But as 1984 moves forward, all those ways of thinking are going to be further challenged. Jingles, whose reputation as a boogeyman looms so large there are Halloween masks made of his face, will presumably have to grapple with the bombshell that “it was never me,” while also coming to terms with the gruesome stuff he did (like locking Xavier inside a giant oven and burning his face off) in the interim. Also, last week’s episode ended with Richard—who appeared to have lost his fight to the death with Mr. Jingles—being revived with what looked like a helping hand from Satan!
What’s the Night Stalker going to be like now that he has supernatural powers? Will Satan manifest as an actual character? Who among those who are currently presumed dead (including Ray and Trevor) will return—either as ghosts, like Jonas, or something far less benign? Who among the living will be pushed to the brink by what they’ve experienced—and add themselves to 1984's roll call of ruthless killers? Who else thinks Margaret probably killed her husband? Also: What’s going to happen in the morning when the kiddie campers show up to this Grand Guignol in the forest?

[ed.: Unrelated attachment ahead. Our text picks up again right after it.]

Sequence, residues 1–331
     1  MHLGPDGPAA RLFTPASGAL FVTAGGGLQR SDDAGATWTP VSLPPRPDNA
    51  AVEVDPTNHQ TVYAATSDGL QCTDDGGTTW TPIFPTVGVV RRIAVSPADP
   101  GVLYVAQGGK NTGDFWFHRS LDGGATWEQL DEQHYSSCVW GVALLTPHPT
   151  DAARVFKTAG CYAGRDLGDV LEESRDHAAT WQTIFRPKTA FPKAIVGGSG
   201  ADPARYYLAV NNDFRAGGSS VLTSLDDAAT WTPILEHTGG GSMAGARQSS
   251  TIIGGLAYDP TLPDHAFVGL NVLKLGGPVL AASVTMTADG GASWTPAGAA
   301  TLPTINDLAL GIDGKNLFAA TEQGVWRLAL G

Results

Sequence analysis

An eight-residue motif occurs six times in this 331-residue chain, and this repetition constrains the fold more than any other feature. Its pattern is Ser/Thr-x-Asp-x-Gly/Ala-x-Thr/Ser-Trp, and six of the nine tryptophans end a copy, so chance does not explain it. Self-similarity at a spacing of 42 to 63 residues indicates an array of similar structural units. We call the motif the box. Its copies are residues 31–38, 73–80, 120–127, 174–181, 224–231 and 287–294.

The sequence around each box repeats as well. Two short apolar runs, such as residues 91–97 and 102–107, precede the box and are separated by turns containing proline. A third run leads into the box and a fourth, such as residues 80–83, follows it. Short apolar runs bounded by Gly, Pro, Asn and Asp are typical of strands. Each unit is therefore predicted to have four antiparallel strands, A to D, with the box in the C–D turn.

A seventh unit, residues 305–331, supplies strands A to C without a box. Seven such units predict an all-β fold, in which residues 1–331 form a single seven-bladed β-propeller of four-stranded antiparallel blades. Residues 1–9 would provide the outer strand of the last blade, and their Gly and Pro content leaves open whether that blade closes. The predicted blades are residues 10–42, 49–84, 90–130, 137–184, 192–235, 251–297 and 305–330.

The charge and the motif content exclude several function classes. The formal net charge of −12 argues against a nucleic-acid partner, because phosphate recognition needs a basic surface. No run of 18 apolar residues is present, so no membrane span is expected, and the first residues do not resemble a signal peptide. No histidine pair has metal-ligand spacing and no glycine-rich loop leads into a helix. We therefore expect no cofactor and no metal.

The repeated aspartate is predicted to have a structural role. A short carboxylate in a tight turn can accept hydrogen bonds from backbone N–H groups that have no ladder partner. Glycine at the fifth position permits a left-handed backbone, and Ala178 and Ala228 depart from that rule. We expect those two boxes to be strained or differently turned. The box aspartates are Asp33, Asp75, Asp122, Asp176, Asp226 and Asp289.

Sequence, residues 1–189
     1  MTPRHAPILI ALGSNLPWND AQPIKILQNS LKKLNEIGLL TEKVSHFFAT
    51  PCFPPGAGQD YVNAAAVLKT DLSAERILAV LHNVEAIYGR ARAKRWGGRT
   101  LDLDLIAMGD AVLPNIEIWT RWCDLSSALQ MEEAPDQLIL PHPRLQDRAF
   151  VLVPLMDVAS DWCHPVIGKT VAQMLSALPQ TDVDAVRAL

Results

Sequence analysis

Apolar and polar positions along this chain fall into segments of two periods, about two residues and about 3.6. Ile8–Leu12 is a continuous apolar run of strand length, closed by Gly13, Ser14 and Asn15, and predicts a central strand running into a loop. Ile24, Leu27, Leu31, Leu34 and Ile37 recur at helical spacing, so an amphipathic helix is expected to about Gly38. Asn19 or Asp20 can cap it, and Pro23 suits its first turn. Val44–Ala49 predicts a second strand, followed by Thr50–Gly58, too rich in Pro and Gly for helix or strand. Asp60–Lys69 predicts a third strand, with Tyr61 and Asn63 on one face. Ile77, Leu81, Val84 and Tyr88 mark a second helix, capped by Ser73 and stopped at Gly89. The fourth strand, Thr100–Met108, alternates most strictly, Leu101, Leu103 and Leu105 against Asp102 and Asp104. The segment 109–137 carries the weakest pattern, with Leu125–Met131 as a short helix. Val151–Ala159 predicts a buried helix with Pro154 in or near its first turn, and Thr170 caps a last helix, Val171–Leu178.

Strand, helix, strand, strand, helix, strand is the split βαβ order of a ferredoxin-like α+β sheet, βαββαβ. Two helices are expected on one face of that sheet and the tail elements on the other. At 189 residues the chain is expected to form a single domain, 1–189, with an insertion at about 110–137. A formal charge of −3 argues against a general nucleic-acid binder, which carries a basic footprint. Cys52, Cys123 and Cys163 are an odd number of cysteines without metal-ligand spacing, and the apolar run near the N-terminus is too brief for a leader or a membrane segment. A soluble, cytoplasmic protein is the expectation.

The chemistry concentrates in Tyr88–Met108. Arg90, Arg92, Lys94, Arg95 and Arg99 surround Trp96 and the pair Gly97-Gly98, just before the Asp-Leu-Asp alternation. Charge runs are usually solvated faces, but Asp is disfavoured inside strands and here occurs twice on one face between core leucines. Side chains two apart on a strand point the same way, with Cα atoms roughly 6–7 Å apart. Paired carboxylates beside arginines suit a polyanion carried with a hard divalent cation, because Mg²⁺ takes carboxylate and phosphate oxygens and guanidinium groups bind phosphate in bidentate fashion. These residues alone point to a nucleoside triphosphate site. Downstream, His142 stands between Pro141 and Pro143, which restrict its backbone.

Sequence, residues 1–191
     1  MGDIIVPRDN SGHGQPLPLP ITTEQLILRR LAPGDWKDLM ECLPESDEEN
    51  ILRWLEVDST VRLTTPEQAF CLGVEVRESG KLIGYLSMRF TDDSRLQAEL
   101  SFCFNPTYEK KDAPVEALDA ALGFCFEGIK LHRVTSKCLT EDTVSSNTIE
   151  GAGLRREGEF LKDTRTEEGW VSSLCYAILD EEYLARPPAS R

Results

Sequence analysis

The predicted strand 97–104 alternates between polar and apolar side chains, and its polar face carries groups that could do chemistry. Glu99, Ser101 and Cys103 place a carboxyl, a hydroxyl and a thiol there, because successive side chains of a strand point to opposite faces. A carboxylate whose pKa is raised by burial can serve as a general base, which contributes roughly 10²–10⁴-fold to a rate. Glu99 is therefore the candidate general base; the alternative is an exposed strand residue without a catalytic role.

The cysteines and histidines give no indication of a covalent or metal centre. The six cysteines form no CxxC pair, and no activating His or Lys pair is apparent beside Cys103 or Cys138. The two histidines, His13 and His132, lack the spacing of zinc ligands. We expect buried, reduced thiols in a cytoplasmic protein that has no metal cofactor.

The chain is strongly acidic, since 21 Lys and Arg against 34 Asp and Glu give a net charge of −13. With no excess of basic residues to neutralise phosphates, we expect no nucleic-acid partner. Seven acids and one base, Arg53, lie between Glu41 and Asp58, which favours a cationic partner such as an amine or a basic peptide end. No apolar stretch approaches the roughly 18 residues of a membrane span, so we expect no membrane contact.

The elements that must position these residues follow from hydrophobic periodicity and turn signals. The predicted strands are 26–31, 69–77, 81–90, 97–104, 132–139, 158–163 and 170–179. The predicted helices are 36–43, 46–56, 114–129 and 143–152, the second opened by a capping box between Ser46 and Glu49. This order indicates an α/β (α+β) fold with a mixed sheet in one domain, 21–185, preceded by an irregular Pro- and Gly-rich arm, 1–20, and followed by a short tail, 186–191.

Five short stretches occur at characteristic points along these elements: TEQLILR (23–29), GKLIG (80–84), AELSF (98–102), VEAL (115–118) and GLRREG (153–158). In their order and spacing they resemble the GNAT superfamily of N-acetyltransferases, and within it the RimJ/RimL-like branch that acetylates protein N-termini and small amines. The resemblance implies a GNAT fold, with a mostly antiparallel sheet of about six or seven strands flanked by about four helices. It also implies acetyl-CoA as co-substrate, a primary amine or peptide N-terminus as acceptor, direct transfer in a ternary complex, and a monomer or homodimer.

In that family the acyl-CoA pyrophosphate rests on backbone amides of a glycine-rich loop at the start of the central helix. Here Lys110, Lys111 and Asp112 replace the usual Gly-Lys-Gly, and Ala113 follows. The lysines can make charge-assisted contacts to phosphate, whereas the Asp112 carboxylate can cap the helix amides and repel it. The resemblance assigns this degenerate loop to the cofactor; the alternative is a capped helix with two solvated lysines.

Inevitably, more rugs are going to pulled out from under us as the season continues. We also still haven’t gotten a Gus flashback, and there’s quite obviously way more to Donna (whose kiss-off “I’ll make sure you’ll be remembered as a feminist hero!” to an imperiled Brooke was pure gold) than 1984 has shown us so far. There’s still room for tons of 1980s history and culture to crop up, not to mention lots of other horror movies from the era that could get shout-outs (could 1984's A Nightmare on Elm Street find an entry point?).
Also, it wouldn’t be American Horror Story without some fan-favorite cameos; will the almighty Sarah Paulson, who’s not starring on the show for the first time in nine seasons, grace us with a surprise visit—maybe on the series’ landmark 100th episode on October 23?
Obviously, a lot remains to be seen. The next episode, which airs tonight, is titled “Red Dawn”—named for the 1984 movie, though it could be more of a reference to the state of things once the sun rises over Camp Redwood rather than a hint about some Cold War terrors on the horizon. Or maybe all those Rambo references are about to pay off big time? We’ll have to tune in to see.